Even if you believe sunlight virtually has only one weather pattern – chaotic and blistering having a possibility of radiation poisoning – it may really be very diverse. Among the lesser-recognized climate phenomena about the sun’s surface are coronal holes, such as the huge one which was recently taken by NASA’s Solar Dynamics Observatory (SDO) and featured this week in a brief video from the space agency.
Coronal holes are low-density regions of the sun’s atmosphere, known as the corona. Because they contain little solar material, they have lower temperatures and thus appear much darker than their surroundings. Coronal holes are visible in certain types of extreme ultraviolet light, which is typically invisible to our eyes, but is colorized here in purple for easy viewing. The holes are also visible in x-ray wavelengths,” says NASA.
Even though it is unclear what can cause the coronal holes to look on the sun, it’s recognized the areas would be the supply of an excellent-quick solar wind that may be as much as 3 times faster than solar winds from other areas of the sun. The wind is just a flow of plasma comprising charged particles that limbs sunlight off. While this type of flow contacts Our Planet’s magnetosphere, it may trigger storms that result in enjoyable outcomes such as the aurora borealis, like disrupting communications and power supplies or even more harmful outcomes.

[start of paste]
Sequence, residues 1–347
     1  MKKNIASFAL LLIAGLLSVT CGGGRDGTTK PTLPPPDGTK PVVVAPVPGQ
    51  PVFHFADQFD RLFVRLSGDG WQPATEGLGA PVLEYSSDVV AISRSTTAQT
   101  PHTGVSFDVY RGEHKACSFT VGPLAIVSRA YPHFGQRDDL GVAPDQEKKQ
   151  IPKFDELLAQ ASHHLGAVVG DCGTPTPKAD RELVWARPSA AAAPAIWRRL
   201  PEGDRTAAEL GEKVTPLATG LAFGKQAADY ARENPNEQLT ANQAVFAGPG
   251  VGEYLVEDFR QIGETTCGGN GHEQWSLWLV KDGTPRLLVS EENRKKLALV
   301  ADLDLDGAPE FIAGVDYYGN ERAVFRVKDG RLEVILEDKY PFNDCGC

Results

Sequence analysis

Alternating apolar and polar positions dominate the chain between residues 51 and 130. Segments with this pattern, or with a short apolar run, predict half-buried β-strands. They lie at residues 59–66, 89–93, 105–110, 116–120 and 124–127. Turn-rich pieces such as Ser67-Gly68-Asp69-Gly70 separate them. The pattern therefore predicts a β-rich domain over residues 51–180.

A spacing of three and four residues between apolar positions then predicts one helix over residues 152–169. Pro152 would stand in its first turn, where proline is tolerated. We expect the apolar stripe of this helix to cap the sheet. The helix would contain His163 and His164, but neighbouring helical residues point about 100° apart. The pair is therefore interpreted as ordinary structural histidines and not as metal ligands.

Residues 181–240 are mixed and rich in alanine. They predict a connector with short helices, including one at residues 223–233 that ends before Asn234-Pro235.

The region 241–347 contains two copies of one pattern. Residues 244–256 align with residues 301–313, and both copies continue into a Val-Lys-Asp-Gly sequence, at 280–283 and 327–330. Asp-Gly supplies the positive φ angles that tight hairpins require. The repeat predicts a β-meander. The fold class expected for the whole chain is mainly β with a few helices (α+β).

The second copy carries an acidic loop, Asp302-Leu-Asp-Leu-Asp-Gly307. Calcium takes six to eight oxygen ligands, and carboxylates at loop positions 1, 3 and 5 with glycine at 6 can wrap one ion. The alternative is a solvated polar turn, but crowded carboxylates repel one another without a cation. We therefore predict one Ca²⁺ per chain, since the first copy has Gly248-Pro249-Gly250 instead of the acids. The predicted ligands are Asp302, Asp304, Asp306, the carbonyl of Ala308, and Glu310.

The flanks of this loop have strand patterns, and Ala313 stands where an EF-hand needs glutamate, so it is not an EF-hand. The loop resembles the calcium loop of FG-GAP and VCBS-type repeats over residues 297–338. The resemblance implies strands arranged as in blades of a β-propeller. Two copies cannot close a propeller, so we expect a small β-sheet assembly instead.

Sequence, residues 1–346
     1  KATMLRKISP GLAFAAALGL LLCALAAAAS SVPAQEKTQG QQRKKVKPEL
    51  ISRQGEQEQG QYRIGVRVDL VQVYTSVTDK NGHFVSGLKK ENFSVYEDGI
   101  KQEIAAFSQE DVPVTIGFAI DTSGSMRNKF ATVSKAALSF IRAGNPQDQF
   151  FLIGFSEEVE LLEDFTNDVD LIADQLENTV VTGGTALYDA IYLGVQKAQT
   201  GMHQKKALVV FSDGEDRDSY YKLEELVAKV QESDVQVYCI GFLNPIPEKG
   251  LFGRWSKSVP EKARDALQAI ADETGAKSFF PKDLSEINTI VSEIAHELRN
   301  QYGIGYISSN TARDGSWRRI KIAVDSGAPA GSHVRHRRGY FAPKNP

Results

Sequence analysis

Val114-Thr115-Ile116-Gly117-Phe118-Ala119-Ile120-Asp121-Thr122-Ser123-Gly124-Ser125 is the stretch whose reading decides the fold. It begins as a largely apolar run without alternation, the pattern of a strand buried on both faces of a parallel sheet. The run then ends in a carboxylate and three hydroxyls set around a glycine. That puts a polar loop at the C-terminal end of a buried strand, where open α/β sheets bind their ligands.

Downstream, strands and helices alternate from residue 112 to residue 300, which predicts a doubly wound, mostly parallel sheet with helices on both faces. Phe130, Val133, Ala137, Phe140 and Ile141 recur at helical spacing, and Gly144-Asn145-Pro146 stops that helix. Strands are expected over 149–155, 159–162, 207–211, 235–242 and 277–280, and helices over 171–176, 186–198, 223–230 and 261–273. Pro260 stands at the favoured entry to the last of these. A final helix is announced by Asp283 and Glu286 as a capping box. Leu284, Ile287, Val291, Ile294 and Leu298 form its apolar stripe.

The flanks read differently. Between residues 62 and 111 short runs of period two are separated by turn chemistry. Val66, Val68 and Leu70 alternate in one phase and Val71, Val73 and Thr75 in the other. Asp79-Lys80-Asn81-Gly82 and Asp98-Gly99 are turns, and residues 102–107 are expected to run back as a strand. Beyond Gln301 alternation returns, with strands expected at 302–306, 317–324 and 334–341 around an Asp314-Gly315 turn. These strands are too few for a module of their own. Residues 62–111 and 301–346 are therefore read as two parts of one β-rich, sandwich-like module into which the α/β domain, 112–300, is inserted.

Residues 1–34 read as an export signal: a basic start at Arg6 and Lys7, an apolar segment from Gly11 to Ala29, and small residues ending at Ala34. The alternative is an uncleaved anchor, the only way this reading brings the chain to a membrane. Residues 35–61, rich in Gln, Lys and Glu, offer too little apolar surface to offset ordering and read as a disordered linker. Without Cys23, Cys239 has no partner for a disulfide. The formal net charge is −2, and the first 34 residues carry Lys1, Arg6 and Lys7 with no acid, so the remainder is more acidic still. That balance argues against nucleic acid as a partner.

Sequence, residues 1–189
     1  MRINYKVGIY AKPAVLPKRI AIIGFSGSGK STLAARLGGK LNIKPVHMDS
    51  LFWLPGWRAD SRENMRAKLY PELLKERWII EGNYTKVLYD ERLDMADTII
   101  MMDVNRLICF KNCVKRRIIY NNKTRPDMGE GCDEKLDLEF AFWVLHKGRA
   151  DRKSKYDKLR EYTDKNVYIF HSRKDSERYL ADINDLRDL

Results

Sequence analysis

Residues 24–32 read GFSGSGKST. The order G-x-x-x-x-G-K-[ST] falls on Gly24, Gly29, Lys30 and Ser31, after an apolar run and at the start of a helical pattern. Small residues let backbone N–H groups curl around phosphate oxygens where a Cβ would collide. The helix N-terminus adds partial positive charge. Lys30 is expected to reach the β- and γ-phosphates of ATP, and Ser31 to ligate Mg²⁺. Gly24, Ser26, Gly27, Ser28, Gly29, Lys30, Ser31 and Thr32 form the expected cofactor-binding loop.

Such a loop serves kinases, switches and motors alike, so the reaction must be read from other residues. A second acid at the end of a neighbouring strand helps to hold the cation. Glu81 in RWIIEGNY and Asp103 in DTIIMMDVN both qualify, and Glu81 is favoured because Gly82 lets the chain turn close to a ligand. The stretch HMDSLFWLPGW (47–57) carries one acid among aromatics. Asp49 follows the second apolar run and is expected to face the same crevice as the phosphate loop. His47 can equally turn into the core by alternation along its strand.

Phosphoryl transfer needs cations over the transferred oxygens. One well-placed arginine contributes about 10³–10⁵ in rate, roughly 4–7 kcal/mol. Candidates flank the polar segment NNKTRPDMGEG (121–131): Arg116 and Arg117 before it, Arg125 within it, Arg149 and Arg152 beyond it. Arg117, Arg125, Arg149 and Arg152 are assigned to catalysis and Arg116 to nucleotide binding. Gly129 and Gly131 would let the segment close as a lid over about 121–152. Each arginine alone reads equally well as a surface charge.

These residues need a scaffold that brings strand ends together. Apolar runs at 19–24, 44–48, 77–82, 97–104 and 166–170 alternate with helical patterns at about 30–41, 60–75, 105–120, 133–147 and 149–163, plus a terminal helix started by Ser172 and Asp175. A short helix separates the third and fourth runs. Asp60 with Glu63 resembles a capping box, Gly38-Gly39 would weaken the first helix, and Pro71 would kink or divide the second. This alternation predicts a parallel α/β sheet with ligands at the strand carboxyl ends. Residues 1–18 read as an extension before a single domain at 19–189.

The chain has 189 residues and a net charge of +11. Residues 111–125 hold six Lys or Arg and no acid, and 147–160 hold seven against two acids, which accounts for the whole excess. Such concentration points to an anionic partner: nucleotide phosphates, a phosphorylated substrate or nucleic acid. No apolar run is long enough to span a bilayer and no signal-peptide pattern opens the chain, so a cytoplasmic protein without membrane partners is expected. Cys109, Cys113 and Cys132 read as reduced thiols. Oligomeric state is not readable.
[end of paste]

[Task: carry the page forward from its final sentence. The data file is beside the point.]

During solar minimums – approximately 11-year-long periods during which the sun is relatively quiet – coronal holes appear near the solar poles, as this one does. That makes sense because this video was created from images taken by the SDO in early May, and we are currently on the downslope from a solar maximum that peaked in 2013, and was itself relatively weak.
The SDO was launched in 2010 and includes a number of devices specifically made to see sunlight. Because being put in orbit around Planet it’s been returning some fairly incredible pictures.
This movie displaying the hole increases the remarkable eye candy the SDO continues to be sending back of our nearest and dearest star for much of the decade.